Hepatic ischemia/reperfusion injury (IRI) occurs in multiple clinical settings, including liver transplantation. The cyclic adenosine monophosphate (cAMP)-dependent protein kinase A (PKA) pathway inhibits hepatocellular apoptosis and regulates toll-like receptor 4-triggered inflammation responses in vitro. Here we examined the function and therapeutic potential of cAMP-PKA activation in a murine (C57/BL6) model of liver warm ischemia (90 minutes) followed by reperfusion. Liver IRI triggered cAMP-PKA activation, whereas the administration of its specific inhibitor, H89, exacerbated hepatocellular damage. Conversely, forskolin therapy, which activates PKA by elevating cAMP levels, protected livers from IRI; this was evidenced by diminished serum alanine aminotransferase levels and well-preserved tissue architecture. Liver protection due to cAMP-PKA stimulation was accompanied by diminished neutrophil and macrophage infiltration/activation, reduced hepatocyte necrosis/apoptosis, and increased cAMP response element-binding protein (CREB) expression and augmented interleukin-10 (IL-10) expression. The neutralization of IL-10 restored liver damage in otherwise ischemia/reperfusion-resistant, forskolin-treated mice. In vitro, cAMP-PKA activation diminished macrophage tumor necrosis factor α, IL-6, and IL-12 in an IL-10-dependent manner and prevented necrosis/apoptosis in primary mouse hepatocyte cultures. Our novel findings in a mouse model of liver IRI document the importance of cAMP-PKA signaling in hepatic homeostasis and cytoprotection in vivo. The activation of cAMP-PKA signaling differentially regulates local inflammation and prevents hepatocyte death, and this provides a rationale for novel therapeutic approaches to combating liver IRI in transplant recipients.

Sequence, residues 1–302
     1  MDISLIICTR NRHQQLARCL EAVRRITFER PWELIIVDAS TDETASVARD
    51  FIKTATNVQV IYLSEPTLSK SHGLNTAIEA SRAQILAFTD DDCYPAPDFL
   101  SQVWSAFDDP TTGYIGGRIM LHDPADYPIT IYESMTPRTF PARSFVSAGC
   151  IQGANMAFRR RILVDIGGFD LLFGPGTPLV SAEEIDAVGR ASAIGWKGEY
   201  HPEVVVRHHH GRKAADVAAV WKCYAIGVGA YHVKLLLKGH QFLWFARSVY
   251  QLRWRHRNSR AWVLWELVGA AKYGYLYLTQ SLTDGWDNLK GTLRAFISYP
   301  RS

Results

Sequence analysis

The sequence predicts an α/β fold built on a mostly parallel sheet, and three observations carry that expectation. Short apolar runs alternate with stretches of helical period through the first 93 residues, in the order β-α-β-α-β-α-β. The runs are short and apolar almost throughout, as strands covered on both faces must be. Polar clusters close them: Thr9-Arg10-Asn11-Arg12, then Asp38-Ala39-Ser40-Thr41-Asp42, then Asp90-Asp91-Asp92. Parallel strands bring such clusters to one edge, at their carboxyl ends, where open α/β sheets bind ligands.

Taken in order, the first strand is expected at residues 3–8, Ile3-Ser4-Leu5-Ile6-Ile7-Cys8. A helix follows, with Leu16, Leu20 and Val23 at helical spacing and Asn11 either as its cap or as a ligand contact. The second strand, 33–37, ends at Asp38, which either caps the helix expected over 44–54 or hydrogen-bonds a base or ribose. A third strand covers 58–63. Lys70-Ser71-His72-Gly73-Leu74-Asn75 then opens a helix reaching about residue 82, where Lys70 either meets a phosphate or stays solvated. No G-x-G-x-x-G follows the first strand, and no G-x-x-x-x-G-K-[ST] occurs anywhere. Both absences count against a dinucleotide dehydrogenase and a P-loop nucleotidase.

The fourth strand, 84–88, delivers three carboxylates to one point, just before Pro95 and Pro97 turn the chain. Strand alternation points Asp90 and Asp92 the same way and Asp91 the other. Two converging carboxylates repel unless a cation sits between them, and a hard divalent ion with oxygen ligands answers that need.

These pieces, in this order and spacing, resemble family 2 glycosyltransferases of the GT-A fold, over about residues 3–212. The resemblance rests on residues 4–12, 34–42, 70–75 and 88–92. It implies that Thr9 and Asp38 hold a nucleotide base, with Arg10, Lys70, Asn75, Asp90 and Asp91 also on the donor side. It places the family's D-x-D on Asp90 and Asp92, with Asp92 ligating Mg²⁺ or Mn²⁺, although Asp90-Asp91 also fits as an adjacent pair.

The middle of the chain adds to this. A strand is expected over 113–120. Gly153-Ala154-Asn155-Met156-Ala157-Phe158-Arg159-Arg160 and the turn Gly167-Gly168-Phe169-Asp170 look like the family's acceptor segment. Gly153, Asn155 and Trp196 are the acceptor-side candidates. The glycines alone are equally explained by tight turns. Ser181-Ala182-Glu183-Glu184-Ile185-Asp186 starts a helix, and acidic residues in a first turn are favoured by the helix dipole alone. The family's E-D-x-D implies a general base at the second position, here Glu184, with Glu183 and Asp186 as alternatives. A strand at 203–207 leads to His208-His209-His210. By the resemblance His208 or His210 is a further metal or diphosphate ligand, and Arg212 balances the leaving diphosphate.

Copyright © 2012 American Association for the Study of Liver Diseases.